supply system: one or more fans that supply outdoor air to the building, causing indoor air to leave by leakage paths through the building enclosure.

system: equipment and other components that collectively perform a specific function, such as mechanical cooling or ventilation.

utility room:  any space containing a laundry, sink, or other washing equipment not part of a bathroom, toilet room, or kitchen.

ventilation: the process of supplying outdoor air to a dwelling by mechanical means. Such air may or may not have been thermally conditioned.

 

4.  WHOLE-BUILDING VENTILATION SYSTEMS

4.1  Ventilation Flow Rate

Outdoor air shall be mechanically supplied to each dwelling unit using a ventilation system providing no less than the rate specified in Equations 4.1a and 4.1b.  The whole-building ventilation system may be balanced, intermittently balanced, or unbalanced.

Qv=0.01 Afloor + 7.5(Nbr + 1)                        (4.1a)

where

Qv = ventilation flow rate in cubic feet per minute (cfm)

Afloor = floor area in square feet (ft2)

Nbr = number of bedrooms; not to be less than one.

 

Qv=0.05 Afloor +3.75(Nbr + 1)                        (4.1b)

where

Qv = ventilation flow rate in litres per second (L/s)

Afloor = floor area in square meters (m2)

Nbr = number of bedrooms; not to be less than one.

 

4.1.1  Fan Flow Rate

The required ventilation flow rate specified in Equations 4.1a and 4.1b, shall be provided by fan flow rate as follows:

Qfan = QvCs                                                 (4.2)

where

Qfan = fan flow rate (cfm)

Cs is the system coefficient from Table 4.1

Table 4.1

System Coefficient based on system type1

System Type

Distributed

Not Distributed

Balanced

1.0

1.25

Not Balanced

1.25

1.5

1 Where there is whole-building air mixing of at least 70% recirculation turnover each hour, the system coefficient may be reduced by 0.25.

 

4.4  Delivered Ventilation

The delivered ventilation rate shall be calculated as the larger of the total supply or total exhaust and shall be no less than specified in Section 4.1 averaged over each two hours of operation.  For intermittent ventilation systems, the fan flow rate shall be calculated according to Equation 4.2.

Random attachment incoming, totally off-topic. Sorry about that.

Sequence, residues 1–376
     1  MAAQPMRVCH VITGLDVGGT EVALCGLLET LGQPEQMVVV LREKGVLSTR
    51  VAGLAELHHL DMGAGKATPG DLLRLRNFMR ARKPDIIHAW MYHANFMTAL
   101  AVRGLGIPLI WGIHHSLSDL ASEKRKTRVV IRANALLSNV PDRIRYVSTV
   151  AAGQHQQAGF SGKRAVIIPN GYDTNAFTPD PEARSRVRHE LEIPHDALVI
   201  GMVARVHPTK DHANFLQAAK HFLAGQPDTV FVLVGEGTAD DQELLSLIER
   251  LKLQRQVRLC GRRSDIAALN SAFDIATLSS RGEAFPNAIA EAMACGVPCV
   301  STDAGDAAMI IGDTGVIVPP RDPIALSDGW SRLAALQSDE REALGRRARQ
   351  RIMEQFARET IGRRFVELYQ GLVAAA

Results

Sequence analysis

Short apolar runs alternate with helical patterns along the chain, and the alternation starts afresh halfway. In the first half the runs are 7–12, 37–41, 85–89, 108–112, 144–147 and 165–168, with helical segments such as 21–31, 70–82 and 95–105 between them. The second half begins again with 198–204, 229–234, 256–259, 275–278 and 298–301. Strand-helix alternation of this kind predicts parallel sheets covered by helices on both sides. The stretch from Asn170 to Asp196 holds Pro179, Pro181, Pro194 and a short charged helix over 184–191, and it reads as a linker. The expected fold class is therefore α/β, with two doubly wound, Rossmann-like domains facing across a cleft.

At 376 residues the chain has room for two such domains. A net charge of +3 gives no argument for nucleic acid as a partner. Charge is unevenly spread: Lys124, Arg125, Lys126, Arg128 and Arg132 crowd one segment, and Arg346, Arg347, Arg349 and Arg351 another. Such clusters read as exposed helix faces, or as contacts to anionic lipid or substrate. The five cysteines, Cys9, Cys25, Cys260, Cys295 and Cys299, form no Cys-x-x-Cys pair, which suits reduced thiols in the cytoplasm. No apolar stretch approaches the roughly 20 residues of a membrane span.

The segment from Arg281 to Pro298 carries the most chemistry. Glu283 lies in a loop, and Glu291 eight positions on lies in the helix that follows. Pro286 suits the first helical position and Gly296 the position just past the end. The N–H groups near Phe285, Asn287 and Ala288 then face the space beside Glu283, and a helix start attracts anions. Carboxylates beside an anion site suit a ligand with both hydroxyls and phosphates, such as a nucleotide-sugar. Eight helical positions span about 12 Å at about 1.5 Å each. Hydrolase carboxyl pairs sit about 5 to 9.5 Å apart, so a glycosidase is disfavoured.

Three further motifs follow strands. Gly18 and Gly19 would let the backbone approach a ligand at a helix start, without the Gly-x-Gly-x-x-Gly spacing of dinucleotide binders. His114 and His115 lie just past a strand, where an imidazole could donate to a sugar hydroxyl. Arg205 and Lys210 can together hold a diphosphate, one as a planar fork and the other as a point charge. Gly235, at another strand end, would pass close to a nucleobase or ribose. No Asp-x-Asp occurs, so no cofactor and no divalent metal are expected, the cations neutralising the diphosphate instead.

Qfan.intermittent = Qfan/ f                                                 (4.2)

where

Qfan.intermittent = fan flow rate during the intermittent operation on-time (cfm)

f = fractional on time, defined as the on-time for one total cycle (on+off) divided by the total cycle time [i.e.  fractional on time =  on-time/(on-time+off-time)].

 

5.  LOCAL EXHAUST SYSTEMS

5.1  Local Mechanical Exhaust

A local mechanical exhaust system shall be installed in each kitchen, bathroom, and toilet room.

5.1.1  Kitchen Exhaust

Each kitchen exhaust shall be an Energy Star compliant range hood that exhausts directly to outdoors per the manufacturer’s instructions. Each exhaust outlet or kitchen exhaust fan must be equipped with a back-draft damper.

Electrical control shall be a minimum of an on/off switch readily accessible to the cook.

Exhaust airflow when the appliance is on shall be a minimum of 100 cfm.

5.1.2   Bathroom Exhaust

Each bathroom exhaust system shall be an Energy Star compliant fan that exhausts directly to outdoors per the manufacturer’s instructions but with no less than 1 inch larger diameter duct size than the exhaust fan outlet diameter, or equivalent rectangular section, and with no less than a 6 inch diameter wall or roof cap, or equivalent exhaust outlet termination.  Each exhaust outlet and exhaust fan must be equipped with a back-draft damper. 

Electrical control shall be a minimum of an on/off switch readily accessible to the bathroom occupant.

The exhaust airflow when the fan is on shall be a minimum of 50 cfm. 

5.2  Multibranch Exhaust Ducting

If multiple exhaust fans in a dwelling unit share a common exhaust duct, the common exhaust duct must be sized to accommodate the total exhaust flow when all fans are running at the same time without causing the system static pressure to exceed 0.3 inch w.c.  In multi-family dwellings, exhaust fans from more than one dwelling unit may empty into a combined exhaust stack if that stack is served by an exhaust fan designed and intended to run continuously.

5.3  Airflow Measurement

The airflow required by this section is the quantity of indoor air exhausted by the ventilation system as installed and shall be measured using a powered or unpowered flow hood, flow grid, or other airflow measuring device.

Exception: The airflow rating at a pressure of 0.25 in. w.c. (62.5 Pa) may be used, provided that the airflow is HVI certified and provided that for bathroom and toilet room exhaust the duct sizing meets the requirements of Paragraph 5.1.2.

 

6.  OTHER REQUIREMENTS

6.1  Adjacent Spaces

Measures shall be taken to minimize air movement across enclosure components separating dwelling units, and to dwelling units from garages, unconditioned crawl spaces, and unconditioned attics.

6.1.1  Multifamily Buildings

All doors between dwelling units and common hallways shall be gasketed or made substantially airtight with weather stripping.

6.2  Instructions and Labeling

Information on the ventilation design and/or ventilation systems installed, instructions on their proper operation to meet the requirements of this criterion, and instructions detailing any required maintenance (similar to that provided for HVAC systems) shall be provided to the owner and the occupant of the dwelling unit. Controls shall be labeled as to their function unless that function is obvious.

6.3  Clothes Dryers

Clothes dryers shall be exhausted directly to the outdoors.

Exception: Condensing dryers plumbed to a drain.